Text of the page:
Our muscles immediately begin to use energy when we are walking or running. For the first three minutes our muscles will burn glycogen, a special sugar which is stored in the muscles for a quick infusion of energy. Some glycogen is always stored within our muscle tissues. During this period fat is not burned. This process is called anaerobic metabolism. Often during the first few minutes of strenuous activity, especially during anaerobic metabolism, we may experience burning in muscles of our arms, legs or back. This is due to the creation of lactic acid which occurs when glycogen is burned.
In an exercise of more than three minutes the glycogen stored within the muscles will eventually burn up all the glycogen and our muscles will move into aerobic metabolism. This occurs because the glycogen is now being burned in the presence of oxygen which is brought to the muscles by way of the blood stream. As long as we breathe correctly we will bring oxygen to the muscles and this process will continue.
Oxygen is necessary to the muscle`s ability to function properly. With sufficient oxygen the muscles can extract all the energy they need from blood sugar. During the period we exercise the liver and muscles will release their stored carbohydrate so that it can be used as energy by the muscles hence allowing us to keep on exercising.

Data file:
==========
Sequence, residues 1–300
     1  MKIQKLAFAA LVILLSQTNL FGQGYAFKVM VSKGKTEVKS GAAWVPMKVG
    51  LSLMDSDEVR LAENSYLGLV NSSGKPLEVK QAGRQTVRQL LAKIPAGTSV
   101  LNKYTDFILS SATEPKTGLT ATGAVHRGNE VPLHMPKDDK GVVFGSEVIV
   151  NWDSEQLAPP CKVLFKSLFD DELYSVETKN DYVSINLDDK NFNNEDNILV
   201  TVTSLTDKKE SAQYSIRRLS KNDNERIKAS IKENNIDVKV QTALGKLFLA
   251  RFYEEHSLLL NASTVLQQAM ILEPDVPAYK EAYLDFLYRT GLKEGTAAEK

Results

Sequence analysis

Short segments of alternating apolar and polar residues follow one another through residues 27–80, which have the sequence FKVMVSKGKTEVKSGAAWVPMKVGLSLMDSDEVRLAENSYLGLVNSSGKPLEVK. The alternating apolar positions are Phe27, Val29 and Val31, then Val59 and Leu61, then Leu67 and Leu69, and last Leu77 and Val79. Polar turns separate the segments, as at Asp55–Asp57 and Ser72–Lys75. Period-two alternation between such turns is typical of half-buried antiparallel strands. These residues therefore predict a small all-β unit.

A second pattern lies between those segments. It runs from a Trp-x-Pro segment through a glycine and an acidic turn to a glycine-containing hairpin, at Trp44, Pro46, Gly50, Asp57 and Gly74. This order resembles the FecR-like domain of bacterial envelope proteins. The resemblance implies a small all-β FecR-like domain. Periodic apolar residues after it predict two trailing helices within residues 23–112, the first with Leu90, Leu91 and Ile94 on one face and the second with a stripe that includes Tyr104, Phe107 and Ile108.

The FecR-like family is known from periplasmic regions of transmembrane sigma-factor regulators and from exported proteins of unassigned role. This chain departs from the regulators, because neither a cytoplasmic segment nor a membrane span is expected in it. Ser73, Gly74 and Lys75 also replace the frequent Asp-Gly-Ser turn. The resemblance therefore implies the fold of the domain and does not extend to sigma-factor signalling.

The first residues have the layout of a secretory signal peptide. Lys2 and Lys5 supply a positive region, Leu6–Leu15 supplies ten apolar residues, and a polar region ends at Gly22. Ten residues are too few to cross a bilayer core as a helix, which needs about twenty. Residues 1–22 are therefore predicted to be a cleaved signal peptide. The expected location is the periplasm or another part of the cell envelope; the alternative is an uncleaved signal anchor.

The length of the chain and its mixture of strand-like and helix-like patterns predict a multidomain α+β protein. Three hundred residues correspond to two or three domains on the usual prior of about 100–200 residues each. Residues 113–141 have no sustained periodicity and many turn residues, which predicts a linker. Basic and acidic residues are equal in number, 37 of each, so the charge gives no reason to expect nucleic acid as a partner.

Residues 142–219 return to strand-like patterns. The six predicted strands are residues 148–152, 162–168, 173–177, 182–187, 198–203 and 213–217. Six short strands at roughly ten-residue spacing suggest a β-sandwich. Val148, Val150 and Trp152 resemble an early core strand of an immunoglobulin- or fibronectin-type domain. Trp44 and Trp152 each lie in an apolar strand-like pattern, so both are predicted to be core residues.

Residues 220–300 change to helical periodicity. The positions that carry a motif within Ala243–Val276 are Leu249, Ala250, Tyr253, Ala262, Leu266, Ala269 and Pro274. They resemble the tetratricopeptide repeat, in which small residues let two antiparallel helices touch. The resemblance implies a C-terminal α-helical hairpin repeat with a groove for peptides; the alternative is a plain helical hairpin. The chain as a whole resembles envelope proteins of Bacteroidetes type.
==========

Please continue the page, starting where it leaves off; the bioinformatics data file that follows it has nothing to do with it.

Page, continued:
Once these stores of glycogen are used up which usually occurs after about 20 minutes, the body will start burning its fat stores to produce blood sugar and ultimately glycogen. The longer you exercise the more fat burned. Fat, body fat and not dietary fat, can now be used virtually indefinitely to produce energy to support our exercise program.
While we are walking, we do not directly burn fat but once we stop walking the glycogen which has been burned up must be replaced. This can only happen by what we eat and by the liver draws fat from the bodys fat tissues. If we are on a limited caloric intake then the food we consume will be used basically for feeding our brain and fat stores will have to be drawn on to replace the glycogen used up while exercising.
Researchers find that "fat-burning" may last for anywhere from six to twenty-four hours after a regular exercise program.
There are certain aerobic exercises which are good in nature and simple.